To add to our little mini-celebration, here’s an excerpt from Newstok’s interview with Scott Jaschik‘s over at the current Inside Higher Education:

Q: And on freedom?

A: When Caliban cries out for freedom, he falls for a drunk Stephano, who sings, “Thought is free.” Yet at this moment, Caliban’s not free — he’s just transferred his bondage to “a new master.” Real freedom would demand not only being slave to no one, but being his own master.

I’ve come to believe that a better translation of the emancipatory artes liberales would be the “crafts of freedom.” These practices cultivate a thinking citizen — the bane of every despot. Such an educational program presumes that freedom is fragile, demanding endless exertion: “there is nothing more arduous than the apprenticeship of liberty.”

I end the book with the fantastic James Baldwin essay “Why I Stopped Hating Shakespeare,” which concludes, “My relationship, then, to the language of Shakespeare revealed itself as nothing less than my relationship to myself and my past.” At first, Baldwin sought freedom from having to read Shakespeare, yet he came to relish the freedom to make Shakespeare his own. In doing so, Baldwin achieved a mutual recognition in Shakespeare that few of us ever reach – “an inner freedom which cannot be attained in any other way” than by inhabiting other minds through art.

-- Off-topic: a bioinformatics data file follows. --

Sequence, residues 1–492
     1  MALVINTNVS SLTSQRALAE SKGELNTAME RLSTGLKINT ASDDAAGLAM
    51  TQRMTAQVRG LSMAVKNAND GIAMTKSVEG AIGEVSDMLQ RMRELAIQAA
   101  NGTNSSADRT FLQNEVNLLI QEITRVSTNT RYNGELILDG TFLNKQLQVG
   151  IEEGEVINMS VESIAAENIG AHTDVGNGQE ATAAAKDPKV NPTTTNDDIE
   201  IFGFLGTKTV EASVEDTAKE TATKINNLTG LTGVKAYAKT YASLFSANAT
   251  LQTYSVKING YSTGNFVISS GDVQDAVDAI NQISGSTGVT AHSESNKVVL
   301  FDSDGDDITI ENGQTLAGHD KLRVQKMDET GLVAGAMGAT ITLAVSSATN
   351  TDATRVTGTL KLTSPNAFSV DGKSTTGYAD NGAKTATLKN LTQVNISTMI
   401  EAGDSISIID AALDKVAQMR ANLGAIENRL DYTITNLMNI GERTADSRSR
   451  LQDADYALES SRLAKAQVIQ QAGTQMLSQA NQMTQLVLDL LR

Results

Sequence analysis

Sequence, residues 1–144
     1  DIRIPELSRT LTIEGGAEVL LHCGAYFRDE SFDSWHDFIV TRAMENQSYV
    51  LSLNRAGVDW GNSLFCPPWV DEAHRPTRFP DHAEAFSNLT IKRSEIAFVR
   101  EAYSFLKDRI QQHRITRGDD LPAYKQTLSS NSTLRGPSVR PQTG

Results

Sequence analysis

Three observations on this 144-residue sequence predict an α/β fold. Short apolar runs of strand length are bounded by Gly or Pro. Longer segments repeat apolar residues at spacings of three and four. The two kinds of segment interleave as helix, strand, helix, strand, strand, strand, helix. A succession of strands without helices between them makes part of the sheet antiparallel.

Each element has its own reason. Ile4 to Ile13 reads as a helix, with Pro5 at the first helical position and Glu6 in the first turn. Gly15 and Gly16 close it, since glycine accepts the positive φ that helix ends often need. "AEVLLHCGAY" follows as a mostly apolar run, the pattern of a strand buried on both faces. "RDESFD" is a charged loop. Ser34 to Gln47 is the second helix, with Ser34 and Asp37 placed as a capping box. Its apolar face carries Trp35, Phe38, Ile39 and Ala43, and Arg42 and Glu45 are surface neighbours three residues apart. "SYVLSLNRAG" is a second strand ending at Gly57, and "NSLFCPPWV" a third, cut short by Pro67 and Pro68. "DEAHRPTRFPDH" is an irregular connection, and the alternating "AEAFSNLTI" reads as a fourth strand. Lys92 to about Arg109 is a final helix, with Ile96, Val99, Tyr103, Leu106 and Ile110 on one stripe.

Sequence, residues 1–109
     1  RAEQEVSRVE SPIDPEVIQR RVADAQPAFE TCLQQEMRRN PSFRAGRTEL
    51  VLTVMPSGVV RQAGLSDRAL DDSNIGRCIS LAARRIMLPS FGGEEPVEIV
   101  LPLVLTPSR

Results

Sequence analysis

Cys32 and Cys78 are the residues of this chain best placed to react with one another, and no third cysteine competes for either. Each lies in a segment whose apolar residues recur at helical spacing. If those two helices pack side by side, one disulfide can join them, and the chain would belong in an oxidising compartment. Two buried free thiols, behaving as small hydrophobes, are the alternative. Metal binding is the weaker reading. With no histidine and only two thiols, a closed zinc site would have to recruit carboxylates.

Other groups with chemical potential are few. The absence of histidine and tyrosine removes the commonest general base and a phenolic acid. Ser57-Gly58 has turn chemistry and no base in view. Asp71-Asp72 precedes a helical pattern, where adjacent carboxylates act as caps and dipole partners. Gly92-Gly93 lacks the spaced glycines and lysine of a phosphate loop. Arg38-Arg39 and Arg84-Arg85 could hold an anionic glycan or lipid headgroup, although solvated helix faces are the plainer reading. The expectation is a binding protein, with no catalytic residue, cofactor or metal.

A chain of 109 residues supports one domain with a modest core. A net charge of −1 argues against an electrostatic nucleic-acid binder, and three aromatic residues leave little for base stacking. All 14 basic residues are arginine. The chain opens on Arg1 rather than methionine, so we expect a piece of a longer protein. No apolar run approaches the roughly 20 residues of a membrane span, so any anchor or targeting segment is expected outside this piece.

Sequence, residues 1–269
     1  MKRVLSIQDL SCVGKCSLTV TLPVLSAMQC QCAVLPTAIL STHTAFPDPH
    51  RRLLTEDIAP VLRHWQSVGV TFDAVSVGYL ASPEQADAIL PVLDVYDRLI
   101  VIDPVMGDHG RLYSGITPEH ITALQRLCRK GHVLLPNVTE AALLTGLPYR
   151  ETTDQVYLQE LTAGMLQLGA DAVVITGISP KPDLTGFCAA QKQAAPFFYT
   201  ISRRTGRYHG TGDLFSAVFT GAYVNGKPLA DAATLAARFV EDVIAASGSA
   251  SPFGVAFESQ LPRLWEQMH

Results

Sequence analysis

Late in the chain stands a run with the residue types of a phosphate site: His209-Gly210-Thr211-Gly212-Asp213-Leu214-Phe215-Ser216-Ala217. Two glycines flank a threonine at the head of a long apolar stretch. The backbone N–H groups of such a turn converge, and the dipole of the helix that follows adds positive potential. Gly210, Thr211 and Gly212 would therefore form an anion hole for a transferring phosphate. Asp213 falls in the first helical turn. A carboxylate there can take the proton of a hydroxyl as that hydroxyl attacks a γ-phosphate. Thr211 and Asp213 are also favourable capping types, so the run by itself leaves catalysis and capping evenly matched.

“I feel like the crisis has given us a kind of X-ray into everyone’s souls”

Q: What do you think your book can offer today, when we are focused on the coronavirus?

A: That’s kind of an up-to-the-minute version of the utility question, isn’t it? We quickly exhausted the “What Shakespeare Did During the Plague” takes. The plaintive cry of Sonnet 65 comes to mind:

How with this rage shall beauty hold a plea,
Whose action is no stronger than a flower?